Summer 2020 - LING 160 J100

Language, Culture and Society (3)

Class Number: 3310

Delivery Method: In Person


  • Course Times + Location:

    We 5:30 PM – 8:20 PM

  • Instructor:

    Sylvia Cho



An introduction to language in its social and cultural dimensions. Students who have taken LING 260 prior to Fall 2008 may not take LING 160 for further credit. Breadth-Social Sciences.


Linguistics 160 examines language as a social phenomenon. How are language usage patterns shaped through communication? The course covers general topics such as bilingual and multilingual speech communities, language maintenance, language loss and language death. Special focus is given to the discussion of regional as well as social dialects as these are shaped by social factors such as ethnicity, gender, age, and social class. Finally, the course examines social aspects of language use such as politeness and linguistic stereotypes.

NOTE: A detailed course outline will be distributed during the first week of classes.


  • Weekly Participation 30%
  • Assignments 30%
  • 2 Midterm exams 40%
  • No Final Exam


This course may be applied towards the Certificate in Teaching English as a Second Language.
Linguistics program students cannot count this course towards their breadth requirements unless in joint or double majors, extended minor, or double minors program.

Students should familiarize themselves with the Department's Standards on Class Management and Student Responsibilities at
Please note that a grade of “FD” (Failed-Dishonesty) may be assigned as a penalty for academic dishonesty.
All student requests for accommodations for their religious practices must be made in writing by the end of the first week of classes or no later than one week after a student adds a course.
Students requiring accommodations as a result of a disability must contact the Centre for Accessible Learning (



Holmes, J., and Wilson, N. (2017). An Introduction to Sociolinguistics. 5th edition. Oxon, UK: Routledge. ISBN: 978-1-138-84501-5.
A list of additional readings (available in the Library Reserve) may be distributed in class or on Canvas.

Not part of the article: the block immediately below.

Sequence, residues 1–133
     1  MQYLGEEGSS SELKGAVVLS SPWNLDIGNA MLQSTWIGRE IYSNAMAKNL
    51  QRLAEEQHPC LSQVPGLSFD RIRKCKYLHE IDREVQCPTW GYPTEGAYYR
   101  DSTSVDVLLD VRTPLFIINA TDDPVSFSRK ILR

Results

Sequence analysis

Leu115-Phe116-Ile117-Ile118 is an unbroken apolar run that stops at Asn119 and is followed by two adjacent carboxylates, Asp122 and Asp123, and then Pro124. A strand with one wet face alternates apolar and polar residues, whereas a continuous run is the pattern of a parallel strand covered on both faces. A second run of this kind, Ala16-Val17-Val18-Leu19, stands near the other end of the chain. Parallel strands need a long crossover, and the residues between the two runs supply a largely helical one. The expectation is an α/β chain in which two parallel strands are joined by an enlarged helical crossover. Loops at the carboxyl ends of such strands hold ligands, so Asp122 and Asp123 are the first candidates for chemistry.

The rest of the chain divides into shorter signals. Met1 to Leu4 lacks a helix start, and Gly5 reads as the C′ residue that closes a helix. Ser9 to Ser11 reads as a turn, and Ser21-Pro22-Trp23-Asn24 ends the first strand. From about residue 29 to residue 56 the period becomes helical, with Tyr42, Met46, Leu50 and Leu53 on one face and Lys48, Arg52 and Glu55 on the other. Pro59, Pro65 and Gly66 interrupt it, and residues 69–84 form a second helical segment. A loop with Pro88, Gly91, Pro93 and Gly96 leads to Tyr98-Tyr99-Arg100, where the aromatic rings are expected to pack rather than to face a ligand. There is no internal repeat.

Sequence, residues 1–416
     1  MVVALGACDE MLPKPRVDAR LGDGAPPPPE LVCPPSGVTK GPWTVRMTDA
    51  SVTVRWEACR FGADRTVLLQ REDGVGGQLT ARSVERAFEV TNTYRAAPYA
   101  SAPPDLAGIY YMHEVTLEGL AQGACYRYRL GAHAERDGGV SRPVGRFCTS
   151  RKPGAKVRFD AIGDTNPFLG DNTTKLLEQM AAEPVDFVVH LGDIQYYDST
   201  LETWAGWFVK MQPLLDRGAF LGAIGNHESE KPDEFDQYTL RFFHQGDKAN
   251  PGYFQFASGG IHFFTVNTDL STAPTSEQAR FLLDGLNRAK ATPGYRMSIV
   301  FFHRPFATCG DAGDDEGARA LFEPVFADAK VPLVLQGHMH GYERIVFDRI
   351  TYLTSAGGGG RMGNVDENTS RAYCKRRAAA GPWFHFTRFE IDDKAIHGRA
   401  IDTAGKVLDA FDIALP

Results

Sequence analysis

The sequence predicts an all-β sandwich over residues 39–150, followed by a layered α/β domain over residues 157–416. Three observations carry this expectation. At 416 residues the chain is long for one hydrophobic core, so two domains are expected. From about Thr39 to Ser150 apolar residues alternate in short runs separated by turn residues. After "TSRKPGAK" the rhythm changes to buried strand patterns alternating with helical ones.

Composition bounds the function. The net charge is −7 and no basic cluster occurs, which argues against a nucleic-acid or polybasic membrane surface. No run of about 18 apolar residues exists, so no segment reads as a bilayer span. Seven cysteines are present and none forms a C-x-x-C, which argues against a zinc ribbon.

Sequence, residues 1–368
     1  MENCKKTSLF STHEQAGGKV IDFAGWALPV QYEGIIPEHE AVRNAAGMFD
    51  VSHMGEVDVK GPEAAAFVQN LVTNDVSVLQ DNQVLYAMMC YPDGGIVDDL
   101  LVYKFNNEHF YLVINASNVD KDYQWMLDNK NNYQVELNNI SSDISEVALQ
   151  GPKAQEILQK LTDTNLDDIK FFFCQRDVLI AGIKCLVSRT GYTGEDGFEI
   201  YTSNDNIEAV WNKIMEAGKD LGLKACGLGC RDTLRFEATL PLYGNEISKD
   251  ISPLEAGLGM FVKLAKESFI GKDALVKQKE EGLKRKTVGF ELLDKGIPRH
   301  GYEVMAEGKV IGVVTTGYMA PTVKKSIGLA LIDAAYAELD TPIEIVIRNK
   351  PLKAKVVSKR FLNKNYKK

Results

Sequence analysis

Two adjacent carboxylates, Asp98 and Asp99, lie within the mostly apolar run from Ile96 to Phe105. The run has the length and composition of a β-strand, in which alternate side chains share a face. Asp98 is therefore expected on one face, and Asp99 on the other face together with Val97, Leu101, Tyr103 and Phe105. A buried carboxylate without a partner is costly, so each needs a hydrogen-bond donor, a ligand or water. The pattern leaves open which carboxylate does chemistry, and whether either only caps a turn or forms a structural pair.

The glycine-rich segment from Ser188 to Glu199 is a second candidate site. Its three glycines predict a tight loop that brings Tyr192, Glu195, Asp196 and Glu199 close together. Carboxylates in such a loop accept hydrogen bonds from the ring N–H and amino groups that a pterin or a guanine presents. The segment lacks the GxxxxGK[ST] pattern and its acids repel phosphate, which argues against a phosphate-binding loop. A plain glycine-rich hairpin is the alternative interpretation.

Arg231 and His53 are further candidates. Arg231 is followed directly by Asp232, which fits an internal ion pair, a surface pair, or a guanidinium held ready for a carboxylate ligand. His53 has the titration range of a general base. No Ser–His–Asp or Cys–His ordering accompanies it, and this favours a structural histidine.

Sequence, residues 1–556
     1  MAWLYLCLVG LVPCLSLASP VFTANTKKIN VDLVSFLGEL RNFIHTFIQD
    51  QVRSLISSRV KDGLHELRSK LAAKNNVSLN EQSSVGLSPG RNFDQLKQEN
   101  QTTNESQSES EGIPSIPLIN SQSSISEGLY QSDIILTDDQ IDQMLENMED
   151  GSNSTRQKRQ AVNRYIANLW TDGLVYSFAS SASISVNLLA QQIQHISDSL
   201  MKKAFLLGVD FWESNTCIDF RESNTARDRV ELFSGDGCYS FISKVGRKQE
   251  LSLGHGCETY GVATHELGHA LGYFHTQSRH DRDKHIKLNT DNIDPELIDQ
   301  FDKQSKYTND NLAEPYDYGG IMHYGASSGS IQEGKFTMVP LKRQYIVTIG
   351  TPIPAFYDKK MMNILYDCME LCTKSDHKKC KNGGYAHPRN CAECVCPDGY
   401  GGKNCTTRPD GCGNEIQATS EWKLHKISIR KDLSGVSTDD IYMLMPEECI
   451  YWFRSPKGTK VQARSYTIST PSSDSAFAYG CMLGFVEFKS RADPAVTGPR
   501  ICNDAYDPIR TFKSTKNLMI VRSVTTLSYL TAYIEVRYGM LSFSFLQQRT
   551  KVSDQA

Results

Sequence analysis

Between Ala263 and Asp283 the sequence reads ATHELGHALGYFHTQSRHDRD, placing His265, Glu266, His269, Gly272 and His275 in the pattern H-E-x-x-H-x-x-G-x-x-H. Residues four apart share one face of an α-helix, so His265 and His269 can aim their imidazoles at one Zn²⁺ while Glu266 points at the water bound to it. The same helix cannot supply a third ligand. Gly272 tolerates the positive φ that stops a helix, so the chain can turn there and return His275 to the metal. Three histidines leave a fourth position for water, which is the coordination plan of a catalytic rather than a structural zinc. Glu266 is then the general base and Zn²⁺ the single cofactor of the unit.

Lesson slides and supplemental materials will also be made available on Canvas.  

Registrar Notes:


SFU’s Academic Integrity web site is filled with information on what is meant by academic dishonesty, where you can find resources to help with your studies and the consequences of cheating.  Check out the site for more information and videos that help explain the issues in plain English.

Each student is responsible for his or her conduct as it affects the University community.  Academic dishonesty, in whatever form, is ultimately destructive of the values of the University. Furthermore, it is unfair and discouraging to the majority of students who pursue their studies honestly. Scholarly integrity is required of all members of the University.


Please note that all teaching at SFU in summer term 2020 will be conducted through remote methods. Enrollment in this course acknowledges that remote study may entail different modes of learning, interaction with your instructor, and ways of getting feedback on your work than may be the case for in-person classes.

Students with hidden or visible disabilities who believe they may need class or exam accommodations, including in the current context of remote learning, are encouraged to register with the SFU Centre for Accessible Learning ( or 778-782-3112) as soon as possible to ensure that they are eligible and that approved accommodations and services are implemented in a timely fashion.